8 December 2022
Responding to the latest Emergency Department performance figures published by NHS England for November 2022, Dr Adrian Boyle, President of the Royal College of Emergency Medicine, said:
“The Emergency Care crisis remains incredibly challenging. As we head into winter, we know things will get worse before they get better, but making things better requires the political will to drive change and improvement. Patients continue to face dangerously long waits which are harmful to them and are distressing for staff doing their best in difficult conditions.
“It is vital that politicians, policymakers and the public understand that this is absolutely not driven by any increase in people who should not be in Emergency Departments. Demand remains at a steady level – despite a recent surge in childhood presentations – and in fact attendances decreased from October to November. These waits are almost entirely driven by poor flow through our hospitals; significant shortages of staff and beds mean we have dangerously high bed occupancy levels in hospitals, and this is made worse by our inability to discharge patients due to shortages of social care staff. These have all made providing adequate care effectively and efficiently almost impossible.
“We know that patients are concerned, while Emergency Departments are under immense pressure, they remain open to anyone seeking emergency care, and people should not hesitate to go to Emergency Departments if they need it. However, if your condition is not severe, we ask the public to use appropriate channels for their care needs, either calling NHS 111, their GP or local pharmacist. It is also vital that the public, and particularly the elderly and vulnerable, protect themselves this winter by getting a flu jab and a Covid-19 booster vaccination.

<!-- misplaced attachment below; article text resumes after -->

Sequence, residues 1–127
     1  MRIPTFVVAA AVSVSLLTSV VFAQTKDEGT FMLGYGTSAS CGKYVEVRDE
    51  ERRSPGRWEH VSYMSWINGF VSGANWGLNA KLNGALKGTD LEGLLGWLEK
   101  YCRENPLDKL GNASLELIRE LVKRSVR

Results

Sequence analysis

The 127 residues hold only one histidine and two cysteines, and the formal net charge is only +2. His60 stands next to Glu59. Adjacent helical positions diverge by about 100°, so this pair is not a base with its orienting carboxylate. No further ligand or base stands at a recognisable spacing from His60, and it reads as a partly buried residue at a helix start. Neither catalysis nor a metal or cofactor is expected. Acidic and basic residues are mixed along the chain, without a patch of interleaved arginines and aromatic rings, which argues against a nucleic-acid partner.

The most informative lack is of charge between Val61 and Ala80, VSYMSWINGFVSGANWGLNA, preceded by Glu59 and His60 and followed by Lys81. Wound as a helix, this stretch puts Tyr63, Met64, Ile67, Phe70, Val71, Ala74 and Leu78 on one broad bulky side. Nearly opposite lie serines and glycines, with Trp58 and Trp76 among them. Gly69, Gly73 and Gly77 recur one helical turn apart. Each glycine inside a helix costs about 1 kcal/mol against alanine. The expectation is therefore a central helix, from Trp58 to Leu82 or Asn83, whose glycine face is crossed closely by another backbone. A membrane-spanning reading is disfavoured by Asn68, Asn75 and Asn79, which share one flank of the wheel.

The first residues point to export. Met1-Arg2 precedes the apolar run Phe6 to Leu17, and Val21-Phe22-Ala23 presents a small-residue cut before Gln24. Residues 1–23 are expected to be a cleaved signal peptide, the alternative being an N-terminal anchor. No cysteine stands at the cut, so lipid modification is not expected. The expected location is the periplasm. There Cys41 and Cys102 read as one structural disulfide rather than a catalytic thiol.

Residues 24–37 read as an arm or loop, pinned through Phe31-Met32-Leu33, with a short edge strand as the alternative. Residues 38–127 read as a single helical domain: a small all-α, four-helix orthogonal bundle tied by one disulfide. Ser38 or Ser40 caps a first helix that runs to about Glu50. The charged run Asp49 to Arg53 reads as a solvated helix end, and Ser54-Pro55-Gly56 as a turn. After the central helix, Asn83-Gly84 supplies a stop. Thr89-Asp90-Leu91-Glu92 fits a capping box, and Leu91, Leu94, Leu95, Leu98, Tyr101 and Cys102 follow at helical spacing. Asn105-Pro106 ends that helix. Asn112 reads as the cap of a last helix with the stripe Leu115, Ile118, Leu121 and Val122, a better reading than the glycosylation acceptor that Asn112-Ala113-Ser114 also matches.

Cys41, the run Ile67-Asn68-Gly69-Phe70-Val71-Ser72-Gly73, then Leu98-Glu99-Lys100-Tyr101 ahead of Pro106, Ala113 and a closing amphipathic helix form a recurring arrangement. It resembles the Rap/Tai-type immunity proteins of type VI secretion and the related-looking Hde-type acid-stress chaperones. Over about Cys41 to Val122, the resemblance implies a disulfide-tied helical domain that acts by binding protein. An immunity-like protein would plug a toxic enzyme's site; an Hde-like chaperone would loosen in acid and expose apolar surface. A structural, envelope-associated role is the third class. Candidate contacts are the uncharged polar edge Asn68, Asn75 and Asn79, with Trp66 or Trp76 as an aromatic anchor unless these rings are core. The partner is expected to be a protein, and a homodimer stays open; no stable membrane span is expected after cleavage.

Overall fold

“We also know there will be some concern about the nurses and ambulance services industrial action, but the public should be reassured that patient safety is the NHS’s priority and measures will be put in place to ensure their short-term safety.
“However, there is a serious recruitment and retention crisis across the NHS, which if left unaddressed, risks a longer-term decline in patient safety. The College is not a union and cannot comment on terms and conditions of staff, but industrial action is, in part, a consequence of many staff feeling burned out, exhausted and overwhelmed. In any profession overworked staff who do not feel valued will leave, and healthcare is no different. We support the individual right of all NHS staff should they feel it necessary to take industrial action.
“We hope that there is a quick resolution before any industrial action takes place. Our nurses and ambulance services staff are skilled, competent professionals who provide a vital service. It is right that they should feel valued and supported. We want to keep our staff in the NHS, and while we wait for the workforce projections that the Chancellor pledged to deliver and the workforce plan from NHS England, we urge the government to take measures to ensure we retain all our NHS staff who provide excellent care for our patients, for the sake of our patients.”
Notes to editor
The latest beds data for November 2022 show: